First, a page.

The lingering social stigma and slight medical risks of getting a tattoo can be daunting enough for a prospective client. Taking off a tattoo however has become much more simple thanks to advances in laser treatment. Laser removal can be done as an outpatient procedure and it usually leaves very little scarring, though color variations usually remain. A successful removal depends on factors such as the age of the tattoo, the depth of the ink, the kind of ink used, tattoo location and the individual’s healing abilities.
Smaller tattoos can be removed with excision, where the tattoo is surgically removed and the surrounding skin is pulled together and sutured. Larger images can require skin grafts from elsewhere on the body to fill in the excised area. Other methods include dermabrasion, where the skin is frozen and then peeled down and “sanded” with an abrasive rotary instrument.
Cover-ups with additional images and pigments can also be done in nearly all cases, limited only by the imaginations of the tattooist and the customer.
Marc Herer is not a professional tattooist but he owns a tattoo gun and says he’s done over twenty tattoos on various friends, each of them the exact same design - a Suicidal Tendencies logo. He shows me his own, done on his lower left calf - deep blue interlocking letters rising in 3D relief from an oval metallic base. “A Suicidal tat is the first one a lot of people get,” says Marc. “It kind of introduces you to the culture. Anyone who sees it and is into it, they say something to you, and the next thing you know it’s like you’re in a club and everyone in the club is getting ink done.”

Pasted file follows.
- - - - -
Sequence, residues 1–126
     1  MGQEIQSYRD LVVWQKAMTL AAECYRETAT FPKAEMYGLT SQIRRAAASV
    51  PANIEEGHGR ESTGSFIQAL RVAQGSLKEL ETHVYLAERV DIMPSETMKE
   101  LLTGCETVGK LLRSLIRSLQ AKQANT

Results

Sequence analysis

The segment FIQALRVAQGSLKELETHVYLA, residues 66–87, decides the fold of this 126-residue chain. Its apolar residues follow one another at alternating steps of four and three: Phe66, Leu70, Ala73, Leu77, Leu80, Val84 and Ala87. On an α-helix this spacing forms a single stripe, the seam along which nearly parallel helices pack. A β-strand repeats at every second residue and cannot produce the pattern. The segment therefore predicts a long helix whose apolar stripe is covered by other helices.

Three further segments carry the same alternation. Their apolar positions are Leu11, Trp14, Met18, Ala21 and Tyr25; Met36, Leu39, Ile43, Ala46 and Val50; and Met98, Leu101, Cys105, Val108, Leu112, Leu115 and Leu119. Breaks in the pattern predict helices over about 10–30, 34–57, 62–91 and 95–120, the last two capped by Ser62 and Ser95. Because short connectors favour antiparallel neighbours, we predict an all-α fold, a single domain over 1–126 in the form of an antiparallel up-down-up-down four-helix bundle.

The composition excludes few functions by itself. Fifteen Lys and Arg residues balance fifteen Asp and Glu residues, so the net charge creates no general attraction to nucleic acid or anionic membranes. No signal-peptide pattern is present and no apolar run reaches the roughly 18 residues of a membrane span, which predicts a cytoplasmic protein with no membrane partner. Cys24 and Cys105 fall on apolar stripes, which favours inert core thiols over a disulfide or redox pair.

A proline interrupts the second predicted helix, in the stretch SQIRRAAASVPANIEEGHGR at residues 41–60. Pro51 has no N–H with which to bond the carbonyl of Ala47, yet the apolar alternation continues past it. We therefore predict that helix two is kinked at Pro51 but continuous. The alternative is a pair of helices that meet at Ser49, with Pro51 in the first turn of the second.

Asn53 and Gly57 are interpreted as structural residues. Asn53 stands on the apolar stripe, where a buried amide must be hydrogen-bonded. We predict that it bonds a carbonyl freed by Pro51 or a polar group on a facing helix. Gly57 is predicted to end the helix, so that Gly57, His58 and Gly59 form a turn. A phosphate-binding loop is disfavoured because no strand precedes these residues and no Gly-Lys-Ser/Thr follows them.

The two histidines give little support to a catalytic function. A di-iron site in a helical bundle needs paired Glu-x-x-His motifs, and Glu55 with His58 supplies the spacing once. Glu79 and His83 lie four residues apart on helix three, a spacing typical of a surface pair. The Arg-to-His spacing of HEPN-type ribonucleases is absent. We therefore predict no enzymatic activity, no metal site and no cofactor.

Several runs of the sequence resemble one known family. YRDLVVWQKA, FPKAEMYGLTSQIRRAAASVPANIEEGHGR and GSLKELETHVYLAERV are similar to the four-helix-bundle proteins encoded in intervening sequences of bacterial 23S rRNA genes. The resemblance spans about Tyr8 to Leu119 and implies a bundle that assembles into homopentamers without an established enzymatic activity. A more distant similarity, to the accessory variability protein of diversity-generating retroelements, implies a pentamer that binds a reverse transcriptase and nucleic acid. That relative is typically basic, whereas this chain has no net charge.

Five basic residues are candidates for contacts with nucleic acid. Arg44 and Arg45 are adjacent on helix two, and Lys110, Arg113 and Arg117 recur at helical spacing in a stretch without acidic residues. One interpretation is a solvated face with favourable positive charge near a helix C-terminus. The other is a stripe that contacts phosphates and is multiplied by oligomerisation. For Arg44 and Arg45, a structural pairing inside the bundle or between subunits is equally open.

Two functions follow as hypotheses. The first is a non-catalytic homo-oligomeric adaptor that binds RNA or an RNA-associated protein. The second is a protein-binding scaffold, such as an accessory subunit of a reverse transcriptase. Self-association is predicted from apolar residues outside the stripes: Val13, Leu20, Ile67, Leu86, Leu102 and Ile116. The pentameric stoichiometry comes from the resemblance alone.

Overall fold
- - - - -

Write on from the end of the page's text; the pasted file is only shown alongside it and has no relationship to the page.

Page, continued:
I mention that out of five people I’d met with Suicidal Tendencies tattoos, three of them said it had nothing to do with the band. It was a prison gang mark. “That’s a fairly recent thing, I think. I didn’t hear of that until around last year and I’ve been doing Suicidal tats for five years. I do know that they’ve got a program now where they have volunteer plastic surgeons do free removals or cover-ups if someone’s in jail or they want to get a gang tattoo off them.”
“There’s a big convention downtown now,” he says, referring to Steel-N-Skin, a skin art and piercing showcase event occasionally put on at the Concourse Convention Center by PB’s Ink Spot. “There was a guy in the contest whose whole back was Suicidal stuff, with a border made of bones and something like fifty different individual images in there. It was cool but he was this little guy, really short, so you had to squint really hard to see them.”
3 - TIJUANA BATHROOMS: EVERYBODY’S GOTTA GO SOMETIME
Every weekend evening, thousands of people travel southbound across the San Ysidro-Puerta México Port of Entry. The majority will pass right by Plaza Viva Tijuana, a retail commercial center adjacent to the border station, and head straight for the nightclubs and bars along Avenida Revolución, the biggest "paseo" in town.
That's "where la patria begins," according to a municipal motto posted at the Tijuana Tourist Terminal between 6th and 7th streets.